By Charlotte Westing and Jay Baumer
For The Cordova Times
Summer is starting to wind down. Salmonberries are gone, the fireweed has worked its way up the stalk, and a few cranes can be heard overhead. Perhaps the best way to tell though is the number of cars that can be seen parked near the Ibeck River. As you head out to wet a line and try to get some silver (coho) salmon of your own there are a few things to keep in mind.
You’re not the only one looking for salmon. Cordova is the home of both brown and black bears. They, like many of us, depend on the salmon as part of their diet. The majority of bears will avoid humans when possible unless they have become habituated.
When fishing in bear country there are a few things you can do to keep bears from becoming habituated and avoid a close or negative encounter.
- Make noise while hiking to avoid startling a bear.
- Be aware of your surroundings and stop fishing when bears are near. A splashing fish on your line can attract bears.
- Carry bear spray or other forms of deterrent and have it handy. Bear spray in the bottom of your pack doesn’t do you any good when you need it in a hurry.
- Bear spray can be very effective when used properly and can save you and the bear’s life. If you choose to carry a firearm, use extreme caution and be aware of others that may be just around the bend.
Being a responsible angler can make fishing safer for you, safer for the bears, and others that use the area. Avoid leaving fish, bait, and fish carcasses at trailheads and along stream banks that can attract bears. You may notice that there is no longer a cleaning station on the Ibeck River. Process fish and dispose of carcasses at designated cleaning stations (two at the boat harbor and one north of town by the burn pile) this will keep carcasses from stacking up in the river during low water. Leaving a mess attracts bears, and causes them to associate anglers with food. In the past bears have also figured out how to get fish stringers, open coolers, and get lunches from backpacks. Don’t give a bear an easy meal.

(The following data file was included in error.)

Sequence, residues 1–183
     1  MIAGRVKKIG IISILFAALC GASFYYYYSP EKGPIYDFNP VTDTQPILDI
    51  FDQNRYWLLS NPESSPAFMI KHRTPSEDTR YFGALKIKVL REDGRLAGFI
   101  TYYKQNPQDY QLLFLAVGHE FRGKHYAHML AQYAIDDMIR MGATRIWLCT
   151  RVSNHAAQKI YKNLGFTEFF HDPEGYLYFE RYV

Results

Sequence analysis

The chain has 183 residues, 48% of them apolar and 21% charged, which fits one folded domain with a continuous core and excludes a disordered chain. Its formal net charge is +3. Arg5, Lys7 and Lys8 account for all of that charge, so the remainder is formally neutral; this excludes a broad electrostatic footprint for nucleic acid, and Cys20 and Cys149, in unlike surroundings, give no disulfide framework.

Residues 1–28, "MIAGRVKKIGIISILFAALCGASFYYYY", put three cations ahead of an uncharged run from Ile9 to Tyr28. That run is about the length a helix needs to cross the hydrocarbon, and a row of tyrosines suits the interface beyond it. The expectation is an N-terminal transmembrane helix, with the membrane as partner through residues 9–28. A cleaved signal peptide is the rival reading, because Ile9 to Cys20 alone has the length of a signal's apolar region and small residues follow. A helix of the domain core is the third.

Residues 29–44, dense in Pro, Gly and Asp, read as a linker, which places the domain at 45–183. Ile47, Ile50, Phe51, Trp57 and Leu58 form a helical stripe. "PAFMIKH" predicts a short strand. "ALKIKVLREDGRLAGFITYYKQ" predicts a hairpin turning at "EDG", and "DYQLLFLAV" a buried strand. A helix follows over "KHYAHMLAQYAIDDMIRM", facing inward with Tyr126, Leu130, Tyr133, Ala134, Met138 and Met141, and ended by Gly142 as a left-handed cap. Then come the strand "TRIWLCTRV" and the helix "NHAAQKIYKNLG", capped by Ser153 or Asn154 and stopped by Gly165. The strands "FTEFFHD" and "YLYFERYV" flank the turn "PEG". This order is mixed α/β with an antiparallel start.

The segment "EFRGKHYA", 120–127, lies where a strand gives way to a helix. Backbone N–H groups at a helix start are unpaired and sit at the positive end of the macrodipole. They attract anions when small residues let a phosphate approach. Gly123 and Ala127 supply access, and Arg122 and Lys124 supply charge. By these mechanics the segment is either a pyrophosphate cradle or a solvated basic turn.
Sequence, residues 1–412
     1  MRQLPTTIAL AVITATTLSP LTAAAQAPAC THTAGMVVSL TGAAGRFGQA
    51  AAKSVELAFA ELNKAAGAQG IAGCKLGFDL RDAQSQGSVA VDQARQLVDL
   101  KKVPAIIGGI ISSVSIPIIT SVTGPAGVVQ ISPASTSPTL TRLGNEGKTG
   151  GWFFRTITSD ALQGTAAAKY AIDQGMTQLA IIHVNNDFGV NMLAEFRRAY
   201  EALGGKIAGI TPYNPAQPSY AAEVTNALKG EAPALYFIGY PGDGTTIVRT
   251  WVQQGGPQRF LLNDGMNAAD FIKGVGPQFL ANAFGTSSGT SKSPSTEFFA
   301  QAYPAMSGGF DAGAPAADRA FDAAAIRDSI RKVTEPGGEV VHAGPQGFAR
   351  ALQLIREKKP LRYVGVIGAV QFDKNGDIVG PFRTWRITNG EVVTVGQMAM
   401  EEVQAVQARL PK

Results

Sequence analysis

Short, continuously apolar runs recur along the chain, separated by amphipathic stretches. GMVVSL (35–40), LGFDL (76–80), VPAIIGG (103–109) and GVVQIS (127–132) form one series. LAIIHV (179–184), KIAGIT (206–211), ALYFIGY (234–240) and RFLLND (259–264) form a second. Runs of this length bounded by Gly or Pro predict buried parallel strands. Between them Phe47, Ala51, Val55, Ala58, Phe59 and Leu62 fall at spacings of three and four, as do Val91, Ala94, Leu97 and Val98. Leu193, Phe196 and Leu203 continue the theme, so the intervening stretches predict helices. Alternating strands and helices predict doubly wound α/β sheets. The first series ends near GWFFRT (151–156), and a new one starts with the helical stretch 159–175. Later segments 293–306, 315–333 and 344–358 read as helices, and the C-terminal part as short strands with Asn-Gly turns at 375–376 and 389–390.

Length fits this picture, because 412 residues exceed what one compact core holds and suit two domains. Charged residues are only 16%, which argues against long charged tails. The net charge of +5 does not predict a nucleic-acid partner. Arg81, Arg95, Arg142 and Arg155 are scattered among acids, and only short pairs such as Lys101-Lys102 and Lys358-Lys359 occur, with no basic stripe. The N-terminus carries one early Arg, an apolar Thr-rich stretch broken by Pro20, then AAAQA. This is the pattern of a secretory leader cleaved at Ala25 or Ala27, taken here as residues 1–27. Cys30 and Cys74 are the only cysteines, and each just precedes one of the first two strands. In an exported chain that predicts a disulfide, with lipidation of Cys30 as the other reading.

As responsible anglers, you need to know the fishing regulations for waters you are fishing. When you get your fishing license, pick up a sport fish regulation book and familiarize yourself with the ins and outs. For example, felt soled wading boots are not allowed for fishing or hunting in Alaska. Also, a snagged fish, (a fish hook elsewhere then inside the mouth), should be immediately released unless you are in an area that allows snagging as a legal method.
Below are a few reminders about the sport fish regulations for local popular hot spots.
The Copper River Highway streams:
- The limit for coho salmon is three per day and three in possession. That is not three fish from each stream along the highway. Once you catch your three fish, you are done for harvesting fish for the day unless you go to place that has a higher bag limit like the Cordova Terminal Harvest Area (six per day, 12 in possession). If you have already harvested three coho from the Copper River Highway streams you could catch three more from the Cordova Terminal Harvest Area. Although if you go to Cordova Terminal Harvest Area first and you catch three coho you cannot harvest anymore from any of the Cordova River Highway Streams.
- For those fishing with bait, once you harvest your bag limit of three coho salmon you are not allowed to continue fishing with bait for the rest of the day.
- Also a coho salmon that is removed from the water becomes part of your daily bag limit. So if you are not planning on keeping the fish, leave it in the water.
- Sport anglers are eager to catch fun, beautiful, and delicious fish. Obeying the regulations will keep fisheries healthy and sustainable for future generations.
For more information about fishing safely in bear country and sport fishing regulations pick up your handy sport fishing regulation summary or visit us online at www.adfg.alaska.gov or contact your local Fish and Game office at 424-3215.
Written by the Alaska Department of Fish and Game and the U.S. Forest Service. Charlotte Westing is a wildlife area biologist for ADFG and Jay Baumer is a sportfish area biologist for ADFG.